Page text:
English is Dead

The other day, I used my World’s First Digital Finger to tap the “Reply” button to an instant message from my best friend. I have about 10 000 friends, actually, but only around 1 273 qualify for “best” status. This one was complaining about the weather. “When it rains, it pours,” he said. I replied, “I like that – I go out in it, because to feel – to really feel – is a rare thing, these days.” Of course, when I go out to really feel the rain, I’m wearing my Polar Perfect Protection jacket, but I manage to really feel wet, all the same. My best friend – sorry, I can’t remember his name just now – was worried about global warming. “Everything in its own time,” I told him. “Don’t like the weather? Wait a while.”   He wasn’t real happy with that answer. “My world class weather station software tells me that the times, they are a-changin'” was his quip.”The more things change, the more they stay the same,” I replied.

That was the end of my exchange with him, as I had to go to a very special party for very special people. I got invited because I get along with everyone – I’m an expert in mixing. So I got ready to go out into the world. First, I took out my shaving system, and made sure I didn’t look like a used car salesman who’d slept in his clothes. Then I used my manual hygiene and skin care system to clean, disinfect, and humidify my hands – you can never be too careful, these days. Then I changed into an outfit that was casual, yet making a statement, and put on my big shoes for small steps. They feel so good I hardly know I’m wearing them.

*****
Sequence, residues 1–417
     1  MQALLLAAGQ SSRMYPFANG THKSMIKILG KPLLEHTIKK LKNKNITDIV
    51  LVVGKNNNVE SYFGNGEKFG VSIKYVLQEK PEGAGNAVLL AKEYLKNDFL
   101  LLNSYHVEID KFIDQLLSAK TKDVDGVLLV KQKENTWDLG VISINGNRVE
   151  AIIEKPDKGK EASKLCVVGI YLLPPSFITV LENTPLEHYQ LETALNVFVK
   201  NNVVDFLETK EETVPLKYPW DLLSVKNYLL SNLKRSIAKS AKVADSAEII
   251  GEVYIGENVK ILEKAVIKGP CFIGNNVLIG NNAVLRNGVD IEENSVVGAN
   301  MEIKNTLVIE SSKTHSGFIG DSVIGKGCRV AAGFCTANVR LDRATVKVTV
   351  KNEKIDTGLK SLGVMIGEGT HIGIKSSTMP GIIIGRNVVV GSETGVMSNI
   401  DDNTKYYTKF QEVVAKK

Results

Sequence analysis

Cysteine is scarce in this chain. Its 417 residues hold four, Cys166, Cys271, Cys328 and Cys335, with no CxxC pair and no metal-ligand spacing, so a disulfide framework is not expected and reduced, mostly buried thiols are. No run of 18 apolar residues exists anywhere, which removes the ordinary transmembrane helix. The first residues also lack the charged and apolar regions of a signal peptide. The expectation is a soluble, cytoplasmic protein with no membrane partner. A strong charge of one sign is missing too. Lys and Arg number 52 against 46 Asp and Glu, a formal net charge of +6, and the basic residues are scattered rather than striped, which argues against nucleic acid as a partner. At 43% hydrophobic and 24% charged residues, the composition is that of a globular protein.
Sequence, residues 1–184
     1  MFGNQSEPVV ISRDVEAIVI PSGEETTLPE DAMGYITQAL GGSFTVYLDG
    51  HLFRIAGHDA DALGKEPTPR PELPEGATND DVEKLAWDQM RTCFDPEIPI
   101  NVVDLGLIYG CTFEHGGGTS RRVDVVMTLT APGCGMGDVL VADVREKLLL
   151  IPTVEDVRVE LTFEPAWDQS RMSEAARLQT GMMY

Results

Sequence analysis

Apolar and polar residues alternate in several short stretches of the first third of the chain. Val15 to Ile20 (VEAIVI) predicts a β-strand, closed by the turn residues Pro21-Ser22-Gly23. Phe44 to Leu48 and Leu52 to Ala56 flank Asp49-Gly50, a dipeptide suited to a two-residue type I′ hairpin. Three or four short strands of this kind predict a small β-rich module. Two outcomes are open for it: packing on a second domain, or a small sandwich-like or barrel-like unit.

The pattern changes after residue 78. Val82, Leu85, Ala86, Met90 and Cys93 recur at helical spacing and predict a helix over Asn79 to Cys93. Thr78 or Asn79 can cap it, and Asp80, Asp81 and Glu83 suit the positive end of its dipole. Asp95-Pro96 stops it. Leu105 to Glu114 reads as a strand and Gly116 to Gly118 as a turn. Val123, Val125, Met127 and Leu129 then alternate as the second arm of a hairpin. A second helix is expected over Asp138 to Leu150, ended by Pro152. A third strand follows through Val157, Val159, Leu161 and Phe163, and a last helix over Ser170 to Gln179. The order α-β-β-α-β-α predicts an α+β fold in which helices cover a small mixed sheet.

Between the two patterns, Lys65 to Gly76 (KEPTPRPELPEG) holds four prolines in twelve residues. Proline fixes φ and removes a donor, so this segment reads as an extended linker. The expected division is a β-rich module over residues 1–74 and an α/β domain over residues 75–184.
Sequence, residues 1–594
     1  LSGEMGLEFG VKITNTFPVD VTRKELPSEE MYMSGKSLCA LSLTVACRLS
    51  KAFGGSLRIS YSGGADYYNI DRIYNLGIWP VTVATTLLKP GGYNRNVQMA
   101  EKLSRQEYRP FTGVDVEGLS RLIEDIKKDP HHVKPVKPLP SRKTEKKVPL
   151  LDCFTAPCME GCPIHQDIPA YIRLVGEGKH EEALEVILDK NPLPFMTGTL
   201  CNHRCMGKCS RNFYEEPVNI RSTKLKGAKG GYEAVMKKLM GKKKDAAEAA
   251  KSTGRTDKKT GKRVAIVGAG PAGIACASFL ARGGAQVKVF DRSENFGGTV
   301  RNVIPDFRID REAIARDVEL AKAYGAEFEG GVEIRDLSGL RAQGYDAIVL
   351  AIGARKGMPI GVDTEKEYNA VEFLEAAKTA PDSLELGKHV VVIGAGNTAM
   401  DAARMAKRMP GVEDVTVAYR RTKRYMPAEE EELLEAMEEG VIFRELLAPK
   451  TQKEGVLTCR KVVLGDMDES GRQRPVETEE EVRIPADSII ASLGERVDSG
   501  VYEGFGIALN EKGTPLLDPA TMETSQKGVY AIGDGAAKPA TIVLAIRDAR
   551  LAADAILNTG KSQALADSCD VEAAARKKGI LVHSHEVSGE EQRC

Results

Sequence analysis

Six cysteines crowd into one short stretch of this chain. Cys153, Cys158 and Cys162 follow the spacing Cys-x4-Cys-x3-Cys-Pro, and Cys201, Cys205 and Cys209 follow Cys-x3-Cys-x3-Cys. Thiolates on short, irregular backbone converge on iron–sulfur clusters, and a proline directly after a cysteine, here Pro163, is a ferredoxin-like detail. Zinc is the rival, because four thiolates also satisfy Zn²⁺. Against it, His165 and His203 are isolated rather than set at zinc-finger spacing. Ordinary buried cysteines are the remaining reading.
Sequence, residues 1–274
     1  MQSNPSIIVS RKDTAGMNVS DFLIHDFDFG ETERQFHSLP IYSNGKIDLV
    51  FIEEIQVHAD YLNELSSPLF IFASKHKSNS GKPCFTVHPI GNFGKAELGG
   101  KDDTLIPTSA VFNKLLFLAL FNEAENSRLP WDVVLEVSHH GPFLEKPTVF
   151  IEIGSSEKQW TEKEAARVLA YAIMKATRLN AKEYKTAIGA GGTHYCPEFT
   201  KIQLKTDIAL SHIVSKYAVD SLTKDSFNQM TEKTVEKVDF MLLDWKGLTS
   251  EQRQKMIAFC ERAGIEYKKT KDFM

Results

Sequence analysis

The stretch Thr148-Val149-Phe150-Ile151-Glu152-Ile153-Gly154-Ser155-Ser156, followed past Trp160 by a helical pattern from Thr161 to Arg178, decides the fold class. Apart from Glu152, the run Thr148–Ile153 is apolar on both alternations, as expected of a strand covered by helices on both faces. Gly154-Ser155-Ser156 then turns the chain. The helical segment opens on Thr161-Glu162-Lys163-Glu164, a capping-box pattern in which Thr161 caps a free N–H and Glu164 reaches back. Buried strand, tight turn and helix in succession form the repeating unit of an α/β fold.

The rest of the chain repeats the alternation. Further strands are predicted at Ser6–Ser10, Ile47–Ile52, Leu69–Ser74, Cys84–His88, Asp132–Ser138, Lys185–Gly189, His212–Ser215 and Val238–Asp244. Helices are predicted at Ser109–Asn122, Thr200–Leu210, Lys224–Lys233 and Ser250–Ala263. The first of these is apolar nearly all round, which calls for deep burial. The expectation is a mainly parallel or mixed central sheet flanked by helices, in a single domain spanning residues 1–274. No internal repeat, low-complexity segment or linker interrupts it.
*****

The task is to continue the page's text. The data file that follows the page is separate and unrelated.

Very special

I went down to the street and hailed a cab. When I got in, the driver said, “Hi, my name is Jerold, and I’ll be your driver today. Where would you like to go today?” Just for fun, I was tempted to tell him I wanted to go to the dogs, but instead I gave him the address for the special party. “We have a special on that neighbourhood today,” said Jerold. He said that if I went there twice, I could get 40% off the second trip. So once we got to the neighbourhood, I asked Jerold to drop me off – before we got to the address. I then told him to meet me at another address in half an hour – one out of the neighbourhood. I walked there, eager to take advantage of his special. Jerold was waiting, when I arrived, and he obligingly took me to the party address at 40% discount. “By the way,” he added, “There’s a service charge for picking you up, and you need to pay for the waiting time. It’s all explained in our taxi company electronic license agreement (TCELA) which I can send you by email if you like. When you get into my cab and plunk your butt on the seat, you are stating that you have read the TCELA and agree to all the terms and conditions of this license.” He was so courteous, as I paid him a small fortune, grateful that at least I had gotten the 40% discount on the second visit to the neighbourhood. A penny saved is a penny earned, after all.